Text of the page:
When I first started running, a ‘bad run’ used to spell the end of the world. I was a crap runner, I had lost my speed, I couldn’t run anymore… I was clearly going to fail at my next race and then sulk. (All of this was wrong)

8 years on and more than 10,000 miles later and I am now a much more experienced runner with an almost positive view of a bad run. Here’s why you should embrace those ‘not so great’ runs:

  • It teaches you how to run through the pain (and we don’t mean injury)
  • It toughens you up
  • It shows you how strong you can be 
  • It makes you appreciate the better runs 

Of course that’s the brief overview but let’s look at exactly what we mean by each of the above.

Entering a Race

When you enter a race – a half marathon marathon for example, you are going to be trying to do the best you can do. You’re no longer in training mode, now you’re in race mode. There is gonna be a time when it gets tough and you are going to have that internal flight or fight mode. Tough runs help to prepare your body and mind for these exact situations.

Marathon – The Race Begins at 20 Miles

Let’s take the marathon for example. I’m currently training for marathon number seven. I am only doing another road marathon because after years of trying I actually got a London ballot place. Now, I’ve trained for marathons before and I’ve trained with people who have run lots of marathons. Let’s be honest – if you’ve run a marathon, you know that the race begins at 20 miles. This is the point where it gets unknown. You may have run up to 22 miles in training but on the day, you have no idea how you are going to feel once you get beyond that.

Learning to run through the tough parts

During your training cycle, you could have any number of great training runs where you’ve run a decent pace for sections of it, felt strong at the end and felt like you can carry on and this is brilliant but what about when you feel like your legs don’t belong to you or you get a stitch or you just feel like you have nothing left? This is when that tough training run can teach you what it feels like to run through that pain and how it might feel in the latter stages of a marathon when you have to call on every bad experience you have ever had to get you to the end. 

A bad run toughens you up

I got a stitch yesterday at mile 14 – a proper horrible stitch that made me want to stop and walk. It was an 18 mile training run – I could have stopped. There was a time when I would have done. A couple of minutes of walking and I would have felt ok to carry on. I can’t do that in my marathon though – there is no time for walking. It was time to dig in, ignore the pain and carry on. So I did. I had a friend with me and she was talking to me – I have no idea what she was saying – I had gone to that pain cave that Courtney Dauwalter so beautifully describes. I was digging in and embracing my pain and making it my focus – I was not only dealing with it, I was properly challenging it.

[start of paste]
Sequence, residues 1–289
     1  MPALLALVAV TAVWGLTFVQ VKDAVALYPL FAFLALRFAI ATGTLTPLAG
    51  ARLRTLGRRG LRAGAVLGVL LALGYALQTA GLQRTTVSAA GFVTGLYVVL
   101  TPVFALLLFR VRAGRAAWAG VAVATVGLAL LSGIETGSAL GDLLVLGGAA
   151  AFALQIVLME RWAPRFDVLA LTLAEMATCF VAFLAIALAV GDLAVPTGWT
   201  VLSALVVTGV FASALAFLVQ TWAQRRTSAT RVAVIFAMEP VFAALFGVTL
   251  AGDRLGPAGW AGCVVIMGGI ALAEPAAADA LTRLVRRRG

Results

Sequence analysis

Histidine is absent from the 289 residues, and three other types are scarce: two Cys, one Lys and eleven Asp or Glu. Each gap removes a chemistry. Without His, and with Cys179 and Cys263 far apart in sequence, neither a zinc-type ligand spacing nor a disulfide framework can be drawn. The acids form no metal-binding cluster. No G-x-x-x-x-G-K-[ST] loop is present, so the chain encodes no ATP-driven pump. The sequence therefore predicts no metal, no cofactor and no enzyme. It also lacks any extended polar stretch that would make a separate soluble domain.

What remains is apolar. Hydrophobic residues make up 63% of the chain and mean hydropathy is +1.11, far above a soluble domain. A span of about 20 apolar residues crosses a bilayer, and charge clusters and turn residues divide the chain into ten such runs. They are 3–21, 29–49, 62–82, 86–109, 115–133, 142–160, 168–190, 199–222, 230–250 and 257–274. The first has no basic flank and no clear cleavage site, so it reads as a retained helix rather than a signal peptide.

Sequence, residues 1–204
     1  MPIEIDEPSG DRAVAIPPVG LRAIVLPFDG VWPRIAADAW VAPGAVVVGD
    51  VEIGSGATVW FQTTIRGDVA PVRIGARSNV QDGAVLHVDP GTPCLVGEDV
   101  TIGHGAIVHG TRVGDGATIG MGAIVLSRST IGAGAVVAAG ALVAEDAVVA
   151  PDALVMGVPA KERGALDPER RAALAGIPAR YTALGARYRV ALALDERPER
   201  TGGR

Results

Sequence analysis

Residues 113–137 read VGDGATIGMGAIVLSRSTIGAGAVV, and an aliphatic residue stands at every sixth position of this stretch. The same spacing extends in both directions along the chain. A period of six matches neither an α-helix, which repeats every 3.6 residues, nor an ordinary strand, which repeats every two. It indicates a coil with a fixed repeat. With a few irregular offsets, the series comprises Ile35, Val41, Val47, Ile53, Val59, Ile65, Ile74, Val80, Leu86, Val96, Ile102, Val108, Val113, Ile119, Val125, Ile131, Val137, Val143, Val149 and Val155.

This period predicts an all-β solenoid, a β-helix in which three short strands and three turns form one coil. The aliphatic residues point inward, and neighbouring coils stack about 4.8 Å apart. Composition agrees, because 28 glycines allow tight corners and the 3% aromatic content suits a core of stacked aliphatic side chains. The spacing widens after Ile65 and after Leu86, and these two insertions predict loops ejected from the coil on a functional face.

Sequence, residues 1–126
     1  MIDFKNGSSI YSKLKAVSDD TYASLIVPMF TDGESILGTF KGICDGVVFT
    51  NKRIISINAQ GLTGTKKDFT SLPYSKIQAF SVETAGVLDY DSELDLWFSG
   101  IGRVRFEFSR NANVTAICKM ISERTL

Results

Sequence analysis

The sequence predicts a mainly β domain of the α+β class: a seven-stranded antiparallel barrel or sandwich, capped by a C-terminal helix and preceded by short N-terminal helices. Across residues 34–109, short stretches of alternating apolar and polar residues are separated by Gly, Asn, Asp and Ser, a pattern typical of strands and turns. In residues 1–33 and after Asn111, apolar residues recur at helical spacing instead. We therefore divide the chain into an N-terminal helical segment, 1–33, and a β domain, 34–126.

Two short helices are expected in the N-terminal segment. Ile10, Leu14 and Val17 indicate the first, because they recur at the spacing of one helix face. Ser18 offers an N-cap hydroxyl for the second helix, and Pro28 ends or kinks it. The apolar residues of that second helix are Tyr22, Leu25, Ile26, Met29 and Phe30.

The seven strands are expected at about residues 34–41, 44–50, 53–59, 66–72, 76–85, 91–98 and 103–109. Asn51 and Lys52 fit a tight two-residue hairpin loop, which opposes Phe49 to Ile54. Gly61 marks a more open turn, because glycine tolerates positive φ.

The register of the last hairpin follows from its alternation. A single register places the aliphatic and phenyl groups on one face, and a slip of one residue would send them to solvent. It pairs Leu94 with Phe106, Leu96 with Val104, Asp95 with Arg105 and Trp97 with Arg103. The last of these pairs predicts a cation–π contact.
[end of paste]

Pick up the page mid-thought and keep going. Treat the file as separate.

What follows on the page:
Within a mile, the stitch had gone and I had sped up again. Job done. Now, maybe two-three marathon training cycles ago before I had spent four years training for and running ultras, I would not have been able to do it. I knew I was tougher and all of my bad training runs and bad races had taught me that.

It shows you how strong you can be 

If you can get through a bad training run and take time to reflect on it, you can actually sit back and realise how strong you are. My friend said to me “goodness you are tough”. These comments help you when things do get tough. You know you can do it, you’ve done it before, it’s not always going to be easy and it won’t always be hard.

It makes you appreciate the better runs

Even as recent as 6 weeks ago I had a tough speed session. I could not get anything out of the engine. It was like I was running on empty. I wasn’t fatigued, I was sleeping and eating well – I guess it was just a hormonal fluctuation but that day I panicked a little. Needn’t have bothered – smashed out a park run at the same pace at the end of a 17 mile long run a couple of weeks later. You see – the bad experiences, make you appreciate the good ones. 

Know when to quit

Now, we’re not stupid and we know there are times when it’s tough for a reason. Recognise when something is not right and know when to quit. I’ve been properly poorly before and pulled up on a marathon at mile 17 and cried because it felt so bad. I then discovered a week later I had anaemia. My heart rate was all over the place and I spent two days in bed. I did finish that marathon though! Probably shouldn’t have. 

Don’t sabotage your own run

If your bad run is because of something you did then you will learn something else and that is what happens when you go off too fast or execute the strategy incorrectly. For those that like to go charging off at the sound of the start gun, only to blow up a few miles later, this is what we mean by a poorly executed race strategy. Equally, if you try and run your training runs too fast, you are going to struggle. Make sure that your bad experiences of running are not self imposed. Another example of this is doing a hard session the day before your long run or not having enough rest between sessions or races.

In summary, there is no such thing as a bad training run or race (only poorly executed ones where you go out far too fast and blow up). In fact the bad ones will probably be the best ones you do as they are when you will learn the lessons. I’ve learnt more from runs and races that haven’t gone to plan than I ever have from those that went like a dream. OK they don’t feel good at the time but, like they say, what doesn’t kill you makes you stronger.